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    Using Photoshop to Prepare Photos for DPC Challenges
    by EddyG


    A source of confusion for user's who are new to DPC is how to take a multi-megapixel photo from their camera and reduce it in size (both in terms of pixels and file size) to meet the submission requirements. The rules currently mandate the following:

    • File Format: JPEG (.jpg)
    • File Size: No larger than 150 KB.
    • Dimension: No dimension may be shorter than 160 pixels or longer than 800 pixels.

    This tutorial is intended to document one "workflow" to make your photos meet the above requirements while maintaining a high-quality image. It is certainly not the only method, and you are encouraged to modify and extend this workflow as desired. This tutorial uses Photoshop as its basis, but the concepts can be easily adopted to other image editing applications.

    This tutorial is quite verbose in an attempt to make it as easy to follow as possible. A summary is included at the end for easy reference once you're familiar with the process.

    Copy Your Original!

    After you've downloaded your photos from your camera and decided which one you are going to use as your challenge submission, the most important thing to do is make a backup of the original, direct-from-camera file. This original file may be needed if you need to prove the validity of your entry, and not having the camera original will result in your photo being disqualified! So the first thing to do before even opening it in Photoshop is to make a copy of it.

    In Windows, you can make a copy of a file with a simple drag of your mouse by following these steps:

    • Left-click on the file you want to copy (let's say it is named 100_0123.JPG).
    • While still holding the left mouse button down, press and hold the CTRL key
    • Drag the file to any "empty space" in the same window (because you have CTRL key held down, the cursor will show a small plus inside a square to let you know that you are copying the file instead of moving it)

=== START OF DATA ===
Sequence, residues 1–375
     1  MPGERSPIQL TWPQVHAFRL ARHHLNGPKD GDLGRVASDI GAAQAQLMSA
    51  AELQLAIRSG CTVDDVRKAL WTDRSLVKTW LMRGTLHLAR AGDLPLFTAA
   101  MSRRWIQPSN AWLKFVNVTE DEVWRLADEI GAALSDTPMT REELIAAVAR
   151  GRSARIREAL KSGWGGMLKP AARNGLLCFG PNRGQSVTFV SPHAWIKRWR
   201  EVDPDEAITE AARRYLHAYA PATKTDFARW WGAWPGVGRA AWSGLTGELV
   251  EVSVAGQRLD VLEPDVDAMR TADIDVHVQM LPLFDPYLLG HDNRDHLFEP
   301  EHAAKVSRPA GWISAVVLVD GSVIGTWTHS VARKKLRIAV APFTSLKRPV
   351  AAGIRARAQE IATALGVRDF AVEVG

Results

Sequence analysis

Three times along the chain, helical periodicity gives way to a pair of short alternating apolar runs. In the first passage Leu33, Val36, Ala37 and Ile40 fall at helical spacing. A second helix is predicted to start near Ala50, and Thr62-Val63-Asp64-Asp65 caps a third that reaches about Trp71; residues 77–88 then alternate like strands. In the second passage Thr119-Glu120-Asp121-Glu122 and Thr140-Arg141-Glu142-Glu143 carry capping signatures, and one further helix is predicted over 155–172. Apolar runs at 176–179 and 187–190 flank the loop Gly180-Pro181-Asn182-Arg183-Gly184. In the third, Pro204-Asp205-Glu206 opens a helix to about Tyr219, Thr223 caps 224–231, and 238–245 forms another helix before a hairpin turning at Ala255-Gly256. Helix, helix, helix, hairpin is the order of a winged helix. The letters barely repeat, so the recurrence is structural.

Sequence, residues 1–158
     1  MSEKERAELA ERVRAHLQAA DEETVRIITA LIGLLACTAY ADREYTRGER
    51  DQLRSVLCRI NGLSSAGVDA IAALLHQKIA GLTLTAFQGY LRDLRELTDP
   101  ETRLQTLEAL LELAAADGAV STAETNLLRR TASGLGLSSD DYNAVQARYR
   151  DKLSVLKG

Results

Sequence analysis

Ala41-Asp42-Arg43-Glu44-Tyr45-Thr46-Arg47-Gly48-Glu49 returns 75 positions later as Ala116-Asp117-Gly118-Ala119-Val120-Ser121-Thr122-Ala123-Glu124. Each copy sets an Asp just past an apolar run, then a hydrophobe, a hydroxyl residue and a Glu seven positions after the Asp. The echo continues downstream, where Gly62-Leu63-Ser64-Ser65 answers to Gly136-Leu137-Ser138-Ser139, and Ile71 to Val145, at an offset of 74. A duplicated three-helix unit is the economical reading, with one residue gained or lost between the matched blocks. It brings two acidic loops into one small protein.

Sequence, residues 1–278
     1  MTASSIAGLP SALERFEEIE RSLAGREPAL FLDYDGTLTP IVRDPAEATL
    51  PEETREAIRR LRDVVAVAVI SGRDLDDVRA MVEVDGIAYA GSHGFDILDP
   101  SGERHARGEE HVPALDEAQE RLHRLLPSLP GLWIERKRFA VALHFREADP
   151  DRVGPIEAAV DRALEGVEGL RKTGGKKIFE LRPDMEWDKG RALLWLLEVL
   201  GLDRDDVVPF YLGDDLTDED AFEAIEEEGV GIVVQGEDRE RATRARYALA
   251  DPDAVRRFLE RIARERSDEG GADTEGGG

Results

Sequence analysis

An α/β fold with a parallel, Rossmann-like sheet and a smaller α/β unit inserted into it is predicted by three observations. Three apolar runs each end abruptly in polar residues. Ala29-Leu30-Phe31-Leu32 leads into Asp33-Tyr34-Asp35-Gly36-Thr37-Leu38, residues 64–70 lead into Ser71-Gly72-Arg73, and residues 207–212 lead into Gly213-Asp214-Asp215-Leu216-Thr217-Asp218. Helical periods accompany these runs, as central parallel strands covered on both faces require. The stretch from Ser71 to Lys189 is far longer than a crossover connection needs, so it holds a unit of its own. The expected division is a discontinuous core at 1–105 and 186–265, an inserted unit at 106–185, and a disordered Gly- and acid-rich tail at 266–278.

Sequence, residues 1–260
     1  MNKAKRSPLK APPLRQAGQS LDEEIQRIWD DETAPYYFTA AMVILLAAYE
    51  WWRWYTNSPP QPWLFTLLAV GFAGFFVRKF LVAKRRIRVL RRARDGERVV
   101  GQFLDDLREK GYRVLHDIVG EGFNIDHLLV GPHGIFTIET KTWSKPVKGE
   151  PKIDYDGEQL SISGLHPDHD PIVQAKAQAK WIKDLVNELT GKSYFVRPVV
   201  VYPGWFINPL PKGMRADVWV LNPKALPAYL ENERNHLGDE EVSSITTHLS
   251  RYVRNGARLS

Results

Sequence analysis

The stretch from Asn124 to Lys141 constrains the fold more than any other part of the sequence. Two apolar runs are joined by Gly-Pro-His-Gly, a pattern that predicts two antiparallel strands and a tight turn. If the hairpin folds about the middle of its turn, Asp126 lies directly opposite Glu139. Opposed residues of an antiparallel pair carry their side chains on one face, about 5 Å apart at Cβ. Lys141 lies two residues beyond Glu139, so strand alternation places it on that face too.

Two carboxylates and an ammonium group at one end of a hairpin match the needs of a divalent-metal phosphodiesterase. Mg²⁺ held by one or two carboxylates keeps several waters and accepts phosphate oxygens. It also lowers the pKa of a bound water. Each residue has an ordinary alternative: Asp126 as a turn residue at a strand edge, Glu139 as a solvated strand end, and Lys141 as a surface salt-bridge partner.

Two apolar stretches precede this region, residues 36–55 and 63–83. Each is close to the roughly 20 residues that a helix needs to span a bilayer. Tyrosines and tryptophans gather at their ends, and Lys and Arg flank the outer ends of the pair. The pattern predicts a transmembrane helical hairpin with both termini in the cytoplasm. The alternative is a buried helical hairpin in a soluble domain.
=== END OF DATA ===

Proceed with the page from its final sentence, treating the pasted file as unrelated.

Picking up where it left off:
• Let go of the left mouse button and the CTRL key, and you'll end up with a file named "Copy of 100_0123.JPG".
    • Press the F2 key to enter rename mode, and set the name to something appropriate, such as "DPC-Chocolate-100_0123.JPG" ( where "Chocolate" would be the name of the challenge.) This makes it obvious what this copy is for, and since it also contains the original filename, it is easy to locate the original if you ever need it.

    Note that if you don't see the ".JPG" extension on your photos (and instead see just the name), it is because you have Windows configured to hide extensions for known file types. I recommend turning this option off so it easy to see exactly what types of files you are dealing with. To do this:

    • Open the Folder Options control panel (Start > Settings > Control Panel > Folder Options).
    • Click the View tab.
    • Uncheck Hide extensions for known file types.
    • Click OK.
    Edit Your Photo

    Open the copy of your photo (the one you just created, named "DPC-Chocolate-100_0123.JPG") in Photoshop.

    Depending on how you have Photoshop configured to handle color management (Edit > Color Settings...), you may get a warning about a color profile mismatch (for example, if you have your camera set to use the AdobeRGB color space and your working space in Photoshop is set to sRGB.) If you do get a warning, it is a good reminder that you'll need to check to make sure your final photo is in the proper color space before saving it for submission to DPC. Another reminder is in Photoshop's title bar. Look immediately after the image mode and depth (the "RGB/8" in this example). If a pound symbol ( # ) appears after the color mode, it means that the document is untagged (i.e. it is not color-managed). An asterisk ( * ) after the color mode implies that the document color space is different from the working color space. The absence of either of these symbols means that the color space of the document matches the working color space. (Converting your photo to the correct color space will be covered later.)

    At this point, you can now process your photo as desired, within the limitations of the given challenge rule set. If you want to perform capture sharpening, now is the time to do it. Capture sharpening is applied very early in the editing process and is intended to restore any sharpness that was lost in the capture process. Cropping your photo to your desired aspect ratio would also be appropriate at this point, but don't resample the image to a smaller size yet. You want to make all of your edits on the "high res" version so that you have a file that matches your submission that can be used if you want to make a printable version.

    Once you have your photo looking how you want, it is a good idea to save an editable, high res version in Photoshop's lossless .PSD format. Because it is lossless, you can open, edit, and save PSD files as much as necessary without negatively affecting image quality. The PSD format will also preserve any adjustment layers (which you should always use instead of the uneditable equivalents found under the Image > Adjustments menu) so that you can go back and easily adjust them if you decide you need to tweak your image a bit more later on.